File::stat(3)          Perl Programmers Reference Guide          File::stat(3)

       File::stat - by-name interface to Perl's built-in stat() functions

        use File::stat;
        $st = stat($file) or die "No $file: $!";
        if ( ($st->mode & 0111) && $st->nlink > 1) ) {
            print "$file is executable with lotsa links\n";

        use File::stat qw(:FIELDS);
        stat($file) or die "No $file: $!";
        if ( ($st_mode & 0111) && $st_nlink > 1) ) {
            print "$file is executable with lotsa links\n";

       This module's default exports override the core stat() and lstat()
       functions, replacing them with versions that return "File::stat"
       objects.  This object has methods that return the similarly named
       structure field name from the stat(2) function; namely, dev, ino, mode,
       nlink, uid, gid, rdev, size, atime, mtime, ctime, blksize, and blocks.

       You may also import all the structure fields directly into your names-
       pace as regular variables using the :FIELDS import tag.  (Note that
       this still overrides your stat() and lstat() functions.)  Access these
       fields as variables named with a preceding "st_" in front their method
       names.  Thus, "$stat_obj->dev()" corresponds to $st_dev if you import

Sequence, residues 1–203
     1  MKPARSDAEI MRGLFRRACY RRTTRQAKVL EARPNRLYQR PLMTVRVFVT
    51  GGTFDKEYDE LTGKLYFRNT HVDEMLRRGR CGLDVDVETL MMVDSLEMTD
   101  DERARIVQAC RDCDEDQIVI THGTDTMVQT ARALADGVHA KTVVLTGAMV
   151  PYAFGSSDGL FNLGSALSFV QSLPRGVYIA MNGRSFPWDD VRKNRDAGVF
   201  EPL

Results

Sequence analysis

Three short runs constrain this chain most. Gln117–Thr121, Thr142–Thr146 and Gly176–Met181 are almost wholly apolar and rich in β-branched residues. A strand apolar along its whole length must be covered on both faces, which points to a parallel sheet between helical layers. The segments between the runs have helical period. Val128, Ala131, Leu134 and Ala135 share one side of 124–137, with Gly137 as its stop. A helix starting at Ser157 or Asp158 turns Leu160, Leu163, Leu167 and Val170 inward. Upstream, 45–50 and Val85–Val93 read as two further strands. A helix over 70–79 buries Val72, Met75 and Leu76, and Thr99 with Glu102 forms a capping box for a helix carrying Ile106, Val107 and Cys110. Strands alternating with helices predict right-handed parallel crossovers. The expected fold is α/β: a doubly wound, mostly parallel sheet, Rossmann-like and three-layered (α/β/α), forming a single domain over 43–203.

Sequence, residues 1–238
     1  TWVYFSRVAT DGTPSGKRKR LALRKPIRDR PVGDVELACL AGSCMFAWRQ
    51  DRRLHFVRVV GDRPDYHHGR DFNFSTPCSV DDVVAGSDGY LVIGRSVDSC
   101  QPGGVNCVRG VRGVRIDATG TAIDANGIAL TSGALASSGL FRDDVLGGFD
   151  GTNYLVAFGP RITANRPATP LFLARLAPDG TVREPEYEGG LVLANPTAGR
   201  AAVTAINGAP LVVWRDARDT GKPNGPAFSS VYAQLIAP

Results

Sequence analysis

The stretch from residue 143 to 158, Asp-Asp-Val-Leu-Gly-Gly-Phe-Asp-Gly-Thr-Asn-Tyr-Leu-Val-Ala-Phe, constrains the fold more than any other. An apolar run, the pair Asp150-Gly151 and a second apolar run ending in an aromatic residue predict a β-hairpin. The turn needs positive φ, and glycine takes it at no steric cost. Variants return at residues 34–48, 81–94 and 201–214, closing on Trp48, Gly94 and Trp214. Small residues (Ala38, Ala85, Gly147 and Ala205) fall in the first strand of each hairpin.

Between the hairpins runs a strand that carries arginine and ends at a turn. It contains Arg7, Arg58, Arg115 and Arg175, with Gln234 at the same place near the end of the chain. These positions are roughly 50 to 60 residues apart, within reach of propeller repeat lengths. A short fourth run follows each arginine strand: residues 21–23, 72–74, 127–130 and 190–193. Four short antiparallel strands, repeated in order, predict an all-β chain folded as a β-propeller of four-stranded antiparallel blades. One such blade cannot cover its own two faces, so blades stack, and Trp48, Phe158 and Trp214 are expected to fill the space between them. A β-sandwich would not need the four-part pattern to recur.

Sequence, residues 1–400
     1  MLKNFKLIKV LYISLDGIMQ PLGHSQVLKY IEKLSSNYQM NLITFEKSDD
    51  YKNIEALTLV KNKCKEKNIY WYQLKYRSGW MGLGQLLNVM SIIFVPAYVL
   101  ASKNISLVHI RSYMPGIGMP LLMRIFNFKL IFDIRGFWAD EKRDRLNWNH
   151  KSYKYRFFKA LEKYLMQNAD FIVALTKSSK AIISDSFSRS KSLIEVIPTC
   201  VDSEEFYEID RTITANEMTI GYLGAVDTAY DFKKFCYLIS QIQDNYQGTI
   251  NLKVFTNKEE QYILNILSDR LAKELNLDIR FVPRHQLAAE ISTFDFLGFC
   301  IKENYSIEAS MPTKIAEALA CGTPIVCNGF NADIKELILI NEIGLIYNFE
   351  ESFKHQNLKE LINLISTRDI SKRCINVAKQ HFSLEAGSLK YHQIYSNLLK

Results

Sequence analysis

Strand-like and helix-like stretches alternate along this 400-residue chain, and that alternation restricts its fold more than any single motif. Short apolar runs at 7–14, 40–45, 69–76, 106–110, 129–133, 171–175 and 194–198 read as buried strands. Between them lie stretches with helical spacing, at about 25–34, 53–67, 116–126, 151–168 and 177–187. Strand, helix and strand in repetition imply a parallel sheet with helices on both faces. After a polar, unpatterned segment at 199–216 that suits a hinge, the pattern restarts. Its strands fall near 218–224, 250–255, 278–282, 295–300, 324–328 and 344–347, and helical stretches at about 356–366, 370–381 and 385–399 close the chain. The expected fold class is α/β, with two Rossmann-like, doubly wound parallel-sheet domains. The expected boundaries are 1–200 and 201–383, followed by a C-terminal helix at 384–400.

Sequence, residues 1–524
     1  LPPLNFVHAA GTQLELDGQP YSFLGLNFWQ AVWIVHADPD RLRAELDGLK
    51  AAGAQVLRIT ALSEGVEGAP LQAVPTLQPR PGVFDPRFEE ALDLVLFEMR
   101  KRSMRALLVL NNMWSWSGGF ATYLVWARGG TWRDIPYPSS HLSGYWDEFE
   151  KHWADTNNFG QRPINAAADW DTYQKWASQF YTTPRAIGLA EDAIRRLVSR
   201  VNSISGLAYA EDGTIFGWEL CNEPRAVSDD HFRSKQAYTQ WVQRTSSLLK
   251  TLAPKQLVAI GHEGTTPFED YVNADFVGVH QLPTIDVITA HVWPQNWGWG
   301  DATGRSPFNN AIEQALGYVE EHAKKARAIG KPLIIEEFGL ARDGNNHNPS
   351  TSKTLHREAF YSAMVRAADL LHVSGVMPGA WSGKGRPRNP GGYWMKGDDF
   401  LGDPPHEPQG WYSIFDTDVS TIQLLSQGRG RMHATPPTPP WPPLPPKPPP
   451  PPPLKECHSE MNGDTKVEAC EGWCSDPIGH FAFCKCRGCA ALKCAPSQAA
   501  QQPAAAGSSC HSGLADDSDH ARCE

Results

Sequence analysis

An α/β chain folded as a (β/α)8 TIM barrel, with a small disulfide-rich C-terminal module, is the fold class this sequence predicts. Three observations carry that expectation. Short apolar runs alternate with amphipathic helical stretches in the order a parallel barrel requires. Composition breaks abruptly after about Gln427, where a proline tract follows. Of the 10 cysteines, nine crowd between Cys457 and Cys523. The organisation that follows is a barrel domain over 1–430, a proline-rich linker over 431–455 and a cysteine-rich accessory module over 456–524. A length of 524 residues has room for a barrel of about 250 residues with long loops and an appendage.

the fields.

       To access this functionality without the core overrides, pass the "use"
       an empty import list, and then access function functions with their
       full qualified names.  On the other hand, the built-ins are still
       available via the "CORE::" pseudo-package.

       As of Perl 5.8.0 after using this module you cannot use the implicit $_
       or the special filehandle "_" with stat() or lstat(), trying to do so
       leads into strange errors.  The workaround is for $_ to be explicit

           my $stat_obj = stat $_;

       and for "_" to explicitly populate the object using the unexported and
       undocumented populate() function with CORE::stat():

           my $stat_obj = File::stat::populate(CORE::stat(_));

       While this class is currently implemented using the Class::Struct mod-
       ule to build a struct-like class, you shouldn't rely upon this.

       Tom Christiansen

perl v5.8.6                       2001-09-21                     File::stat(3)